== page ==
The availability of screening mammography varies considerably among racial groups, particularly for women who are black or Hispanic, according to a study published in the Journal of the American College of Radiology.
Researchers from the Mayo Clinic in Rochester, MN, performed a systemic review and meta-analysis to assess racial disparities in screening mammography in the United States. After searching MEDLINE, EMBASE, Cochrane Central Register of Controlled Trials, Cochrane Database of Systematic Reviews, and Scopus for comparative studies published between 1946 and 2015, the researchers found 39 relevant studies, from which they compared utilization of mammography among various racial groups.
The 39 studies 5,818,380 patients; 43.1% of patients were white, 33.3% were black, 17.4% were Hispanic, and 6.2% were Asian/Pacific Islander. When comparing the women who underwent screening mammography, black and Hispanic women had lower odds of undergoing screening than did white women. For African Americans, these disparities were present in both the 40 to 65 age group and the over 65 age group. These differences were only present in the 40 to 65 age group for Hispanic women. There was no difference in mammography screening between Asian/Pacific Islanders and whites.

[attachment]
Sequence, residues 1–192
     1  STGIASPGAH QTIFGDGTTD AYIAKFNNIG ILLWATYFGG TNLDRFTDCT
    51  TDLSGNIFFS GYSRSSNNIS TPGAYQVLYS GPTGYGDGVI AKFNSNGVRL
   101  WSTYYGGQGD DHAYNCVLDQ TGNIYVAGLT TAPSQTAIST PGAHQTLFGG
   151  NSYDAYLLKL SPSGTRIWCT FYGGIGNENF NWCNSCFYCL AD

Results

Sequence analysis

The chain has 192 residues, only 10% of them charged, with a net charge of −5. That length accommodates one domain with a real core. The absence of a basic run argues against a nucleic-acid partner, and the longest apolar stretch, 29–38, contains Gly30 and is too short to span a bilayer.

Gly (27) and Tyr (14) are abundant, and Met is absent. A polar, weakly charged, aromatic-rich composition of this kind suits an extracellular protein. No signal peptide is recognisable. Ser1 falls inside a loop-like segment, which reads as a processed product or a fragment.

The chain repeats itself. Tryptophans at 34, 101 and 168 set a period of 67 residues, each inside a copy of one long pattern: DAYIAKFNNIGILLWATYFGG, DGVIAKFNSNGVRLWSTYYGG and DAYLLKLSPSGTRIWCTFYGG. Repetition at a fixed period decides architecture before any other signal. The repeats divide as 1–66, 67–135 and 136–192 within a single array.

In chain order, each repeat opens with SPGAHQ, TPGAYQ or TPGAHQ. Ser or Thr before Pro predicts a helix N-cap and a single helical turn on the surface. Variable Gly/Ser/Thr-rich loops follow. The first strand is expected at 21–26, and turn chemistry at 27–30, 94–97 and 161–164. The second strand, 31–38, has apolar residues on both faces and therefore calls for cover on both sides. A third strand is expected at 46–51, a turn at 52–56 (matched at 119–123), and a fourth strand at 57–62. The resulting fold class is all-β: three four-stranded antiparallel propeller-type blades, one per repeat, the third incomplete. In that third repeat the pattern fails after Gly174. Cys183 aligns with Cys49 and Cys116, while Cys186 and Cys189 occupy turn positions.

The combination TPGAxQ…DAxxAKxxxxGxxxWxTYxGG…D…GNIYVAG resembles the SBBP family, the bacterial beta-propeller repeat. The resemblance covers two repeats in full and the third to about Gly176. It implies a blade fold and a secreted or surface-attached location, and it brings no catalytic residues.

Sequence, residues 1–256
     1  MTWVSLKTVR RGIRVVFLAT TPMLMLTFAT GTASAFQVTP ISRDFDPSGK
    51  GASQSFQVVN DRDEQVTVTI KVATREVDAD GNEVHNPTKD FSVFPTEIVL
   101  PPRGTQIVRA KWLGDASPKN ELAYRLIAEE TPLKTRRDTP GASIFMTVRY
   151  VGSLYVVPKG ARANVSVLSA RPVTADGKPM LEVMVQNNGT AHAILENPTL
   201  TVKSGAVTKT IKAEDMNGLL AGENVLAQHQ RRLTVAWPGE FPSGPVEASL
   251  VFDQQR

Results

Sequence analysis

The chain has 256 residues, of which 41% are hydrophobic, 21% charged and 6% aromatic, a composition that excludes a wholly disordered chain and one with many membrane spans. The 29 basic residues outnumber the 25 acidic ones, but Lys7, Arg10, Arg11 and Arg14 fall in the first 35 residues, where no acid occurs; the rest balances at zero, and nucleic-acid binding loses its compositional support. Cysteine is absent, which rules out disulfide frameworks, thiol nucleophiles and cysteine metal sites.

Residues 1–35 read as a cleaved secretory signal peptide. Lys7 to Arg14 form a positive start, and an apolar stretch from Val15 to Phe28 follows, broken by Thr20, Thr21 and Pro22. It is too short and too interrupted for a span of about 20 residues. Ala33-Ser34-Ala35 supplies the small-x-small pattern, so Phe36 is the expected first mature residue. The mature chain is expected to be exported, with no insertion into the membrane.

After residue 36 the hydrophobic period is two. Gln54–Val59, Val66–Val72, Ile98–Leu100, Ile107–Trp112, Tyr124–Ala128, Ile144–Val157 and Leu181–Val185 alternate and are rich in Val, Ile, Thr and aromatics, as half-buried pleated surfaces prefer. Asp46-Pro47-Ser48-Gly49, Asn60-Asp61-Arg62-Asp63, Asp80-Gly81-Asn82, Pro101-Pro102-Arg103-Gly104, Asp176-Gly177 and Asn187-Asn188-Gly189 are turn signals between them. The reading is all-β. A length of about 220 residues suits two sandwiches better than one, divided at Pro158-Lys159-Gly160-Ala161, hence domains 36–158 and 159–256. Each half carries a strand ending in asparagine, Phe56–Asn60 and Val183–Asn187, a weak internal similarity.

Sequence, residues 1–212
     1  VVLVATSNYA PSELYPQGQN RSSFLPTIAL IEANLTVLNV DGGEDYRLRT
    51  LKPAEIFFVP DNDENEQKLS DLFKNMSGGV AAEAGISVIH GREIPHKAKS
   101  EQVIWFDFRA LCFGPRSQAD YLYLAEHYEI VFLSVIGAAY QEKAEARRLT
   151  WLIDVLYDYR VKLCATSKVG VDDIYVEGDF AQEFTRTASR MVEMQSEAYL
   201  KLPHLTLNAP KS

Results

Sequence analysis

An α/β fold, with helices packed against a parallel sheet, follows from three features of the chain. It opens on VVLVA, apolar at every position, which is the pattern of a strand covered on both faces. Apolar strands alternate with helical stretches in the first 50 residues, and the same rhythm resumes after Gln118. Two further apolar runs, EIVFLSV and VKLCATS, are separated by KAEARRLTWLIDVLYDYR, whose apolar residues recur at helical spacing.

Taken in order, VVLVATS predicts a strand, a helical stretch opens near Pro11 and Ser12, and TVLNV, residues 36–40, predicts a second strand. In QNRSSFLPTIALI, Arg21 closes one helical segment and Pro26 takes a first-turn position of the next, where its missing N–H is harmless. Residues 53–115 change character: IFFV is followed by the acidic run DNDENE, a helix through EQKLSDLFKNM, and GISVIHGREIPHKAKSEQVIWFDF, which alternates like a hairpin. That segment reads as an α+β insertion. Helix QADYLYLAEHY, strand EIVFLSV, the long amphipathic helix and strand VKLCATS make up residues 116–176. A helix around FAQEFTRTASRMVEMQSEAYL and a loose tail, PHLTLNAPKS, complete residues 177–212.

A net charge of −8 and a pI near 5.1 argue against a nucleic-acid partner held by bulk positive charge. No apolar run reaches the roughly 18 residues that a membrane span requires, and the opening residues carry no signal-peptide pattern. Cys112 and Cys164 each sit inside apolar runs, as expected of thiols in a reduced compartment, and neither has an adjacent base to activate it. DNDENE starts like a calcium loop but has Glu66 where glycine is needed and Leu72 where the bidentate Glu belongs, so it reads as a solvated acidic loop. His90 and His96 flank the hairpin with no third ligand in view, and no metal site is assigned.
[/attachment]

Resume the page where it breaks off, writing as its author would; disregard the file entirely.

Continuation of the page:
“Not only do black and Hispanic women get screened less than white women, but disparities also persist in two age groups: women who are 40 to 65 years old and 65 and older,” study author Ahmed T. Ahmed, MB, BCh, a postdoctoral fellow researcher at the Evidence-Based Practice Center and Robert D. and Patricia E. Kern Center for the Science of Health Care Delivery, Division of Preventive, Occupational and Aerospace Medicine, both at the Mayo Clinic, said in a release. “These findings are important; it’s evident that more work needs to be done to ensure that all eligible women have access to this preventive screening tool.”
The researchers concluded that there remain racial disparities in utilization of screening mammography, evident in black and Hispanic populations in the United States. Further studies are needed to understand reasons for disparities, trends over time, and the effectiveness of interventions targeting these disparities.